Federal regulators plan to take a major step toward protecting passengers in side-impact crashes, responsible for 10,000 deaths each year on the nation’s highways, reported the Associated Press. For the first time since 1990, the National Highway Traffic Safety Administration (NHTSA) is expected to propose a new set of safety standards that vehicles will have to meet in side-impact crashes. The rules are expected to result in the installation of side air bags in all vehicles, since vehicles won’t be able to meet the standards without them. For the first time, the rules will require vehicles to protect occupants’ heads as well as their torsos. The change is important, since car occupants are at significant risk of head injury when struck by sport/utility vehicles and other trucks with higher bumpers. In side-impact crashes between cars and light trucks, the occupants of the car are 20 times more likely to be killed, NHTSA says. Once the rules are proposed, automakers, safety groups, and others will be allowed to comment before NHTSA issues a final rule. It could take four years before the rule results in concrete design changes, which will cost manufacturers millions of dollars. The Alliance of Automobile Manufacturers, a Washington trade group that represents 10 automakers, hopes NHTSA takes into account an agreement manufacturers made last December to improve side-impact safety. Under the voluntary agreement, automakers pledged to add side airbags and improve door beams and side bumpers by 2009. They also will consider ways to redesign trucks so that their bumpers are better aligned with cars.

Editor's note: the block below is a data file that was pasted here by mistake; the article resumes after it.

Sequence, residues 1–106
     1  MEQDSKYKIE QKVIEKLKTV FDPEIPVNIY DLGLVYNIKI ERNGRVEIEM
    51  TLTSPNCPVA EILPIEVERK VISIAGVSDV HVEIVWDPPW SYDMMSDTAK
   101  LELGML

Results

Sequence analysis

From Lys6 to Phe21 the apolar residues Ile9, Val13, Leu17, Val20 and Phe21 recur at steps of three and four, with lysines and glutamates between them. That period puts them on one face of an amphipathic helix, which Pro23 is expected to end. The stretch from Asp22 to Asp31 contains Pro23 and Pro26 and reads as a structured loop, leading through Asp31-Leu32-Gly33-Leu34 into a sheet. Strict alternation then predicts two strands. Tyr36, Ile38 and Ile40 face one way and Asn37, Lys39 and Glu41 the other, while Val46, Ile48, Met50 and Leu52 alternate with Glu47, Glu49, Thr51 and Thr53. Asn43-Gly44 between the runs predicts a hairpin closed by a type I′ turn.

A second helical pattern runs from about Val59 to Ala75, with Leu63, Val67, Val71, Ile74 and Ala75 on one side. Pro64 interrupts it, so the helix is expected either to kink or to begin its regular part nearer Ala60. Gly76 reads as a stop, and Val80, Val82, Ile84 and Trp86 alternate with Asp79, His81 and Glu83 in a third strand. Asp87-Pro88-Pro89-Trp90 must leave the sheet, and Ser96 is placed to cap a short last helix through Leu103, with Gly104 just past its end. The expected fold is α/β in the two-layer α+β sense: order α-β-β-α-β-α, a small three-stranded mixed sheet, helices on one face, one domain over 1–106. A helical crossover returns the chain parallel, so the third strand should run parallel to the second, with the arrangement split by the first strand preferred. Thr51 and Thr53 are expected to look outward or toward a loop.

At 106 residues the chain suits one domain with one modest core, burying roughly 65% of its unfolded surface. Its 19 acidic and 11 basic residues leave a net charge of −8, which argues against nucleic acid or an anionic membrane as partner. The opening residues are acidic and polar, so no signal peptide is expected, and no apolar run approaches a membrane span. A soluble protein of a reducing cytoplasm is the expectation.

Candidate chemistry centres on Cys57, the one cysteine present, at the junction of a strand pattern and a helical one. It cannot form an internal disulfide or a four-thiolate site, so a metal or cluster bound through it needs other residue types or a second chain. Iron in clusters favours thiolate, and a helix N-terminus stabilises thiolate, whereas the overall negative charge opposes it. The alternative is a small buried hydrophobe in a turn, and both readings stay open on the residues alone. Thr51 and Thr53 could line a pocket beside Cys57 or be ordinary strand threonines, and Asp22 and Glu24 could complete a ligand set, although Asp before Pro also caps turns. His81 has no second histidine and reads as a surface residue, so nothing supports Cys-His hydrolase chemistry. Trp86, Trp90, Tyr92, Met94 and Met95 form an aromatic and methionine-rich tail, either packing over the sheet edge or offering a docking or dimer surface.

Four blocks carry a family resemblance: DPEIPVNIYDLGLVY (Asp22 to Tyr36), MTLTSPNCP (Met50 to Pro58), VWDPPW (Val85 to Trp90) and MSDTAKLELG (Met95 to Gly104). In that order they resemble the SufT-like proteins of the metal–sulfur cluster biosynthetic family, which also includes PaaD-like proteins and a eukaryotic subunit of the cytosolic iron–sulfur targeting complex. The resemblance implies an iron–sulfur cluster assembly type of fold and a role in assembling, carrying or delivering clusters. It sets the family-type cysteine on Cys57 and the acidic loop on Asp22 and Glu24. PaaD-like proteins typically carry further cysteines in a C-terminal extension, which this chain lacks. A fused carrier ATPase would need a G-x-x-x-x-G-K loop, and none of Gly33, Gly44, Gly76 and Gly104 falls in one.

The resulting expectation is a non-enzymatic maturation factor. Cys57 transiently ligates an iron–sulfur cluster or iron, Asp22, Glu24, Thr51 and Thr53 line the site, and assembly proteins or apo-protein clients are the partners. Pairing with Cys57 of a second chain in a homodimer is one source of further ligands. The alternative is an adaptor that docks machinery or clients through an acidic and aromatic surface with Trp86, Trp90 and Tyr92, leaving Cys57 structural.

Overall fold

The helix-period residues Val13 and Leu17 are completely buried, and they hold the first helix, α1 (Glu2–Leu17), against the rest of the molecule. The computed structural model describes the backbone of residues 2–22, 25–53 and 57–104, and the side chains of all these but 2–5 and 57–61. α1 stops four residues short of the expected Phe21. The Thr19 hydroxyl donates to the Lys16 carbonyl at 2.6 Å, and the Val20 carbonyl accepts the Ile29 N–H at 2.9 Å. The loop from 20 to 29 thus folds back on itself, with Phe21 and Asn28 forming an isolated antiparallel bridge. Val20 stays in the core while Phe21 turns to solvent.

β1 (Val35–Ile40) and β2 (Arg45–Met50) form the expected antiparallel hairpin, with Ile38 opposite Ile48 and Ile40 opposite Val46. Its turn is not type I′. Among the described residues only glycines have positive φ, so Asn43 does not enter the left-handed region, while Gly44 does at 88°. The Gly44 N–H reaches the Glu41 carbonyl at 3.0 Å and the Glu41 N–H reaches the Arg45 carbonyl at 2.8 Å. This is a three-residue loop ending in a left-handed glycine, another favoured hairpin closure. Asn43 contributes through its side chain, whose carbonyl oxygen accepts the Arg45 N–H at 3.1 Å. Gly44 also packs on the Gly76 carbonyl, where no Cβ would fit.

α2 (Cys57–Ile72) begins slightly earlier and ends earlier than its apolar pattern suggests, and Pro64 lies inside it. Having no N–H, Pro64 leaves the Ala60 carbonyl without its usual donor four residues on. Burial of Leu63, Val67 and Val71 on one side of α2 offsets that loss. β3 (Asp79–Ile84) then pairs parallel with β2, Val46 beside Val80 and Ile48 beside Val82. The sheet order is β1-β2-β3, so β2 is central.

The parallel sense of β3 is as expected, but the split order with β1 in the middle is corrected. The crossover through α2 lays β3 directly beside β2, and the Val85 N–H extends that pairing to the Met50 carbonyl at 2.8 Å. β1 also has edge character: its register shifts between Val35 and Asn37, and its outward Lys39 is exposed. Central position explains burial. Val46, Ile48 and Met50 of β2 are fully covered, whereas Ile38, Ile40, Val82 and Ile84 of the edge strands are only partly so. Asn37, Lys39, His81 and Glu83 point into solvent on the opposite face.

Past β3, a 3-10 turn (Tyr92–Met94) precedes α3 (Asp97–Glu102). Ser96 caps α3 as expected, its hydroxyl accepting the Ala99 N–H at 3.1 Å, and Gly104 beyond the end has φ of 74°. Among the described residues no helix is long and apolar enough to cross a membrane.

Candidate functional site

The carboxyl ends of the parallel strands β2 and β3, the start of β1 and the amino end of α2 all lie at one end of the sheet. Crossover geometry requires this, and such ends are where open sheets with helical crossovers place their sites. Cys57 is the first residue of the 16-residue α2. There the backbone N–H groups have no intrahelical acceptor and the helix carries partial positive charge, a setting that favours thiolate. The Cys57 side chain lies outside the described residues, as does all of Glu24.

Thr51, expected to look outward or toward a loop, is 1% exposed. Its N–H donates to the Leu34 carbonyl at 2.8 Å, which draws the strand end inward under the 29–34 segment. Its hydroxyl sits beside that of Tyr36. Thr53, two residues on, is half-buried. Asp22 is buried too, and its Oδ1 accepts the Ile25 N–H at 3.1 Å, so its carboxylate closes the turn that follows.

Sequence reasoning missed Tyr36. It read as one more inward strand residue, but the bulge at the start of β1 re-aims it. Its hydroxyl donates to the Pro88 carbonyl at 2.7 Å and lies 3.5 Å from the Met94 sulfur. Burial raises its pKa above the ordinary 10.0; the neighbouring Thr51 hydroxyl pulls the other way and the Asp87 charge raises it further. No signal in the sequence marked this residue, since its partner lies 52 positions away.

Originally posted on Fleet Financials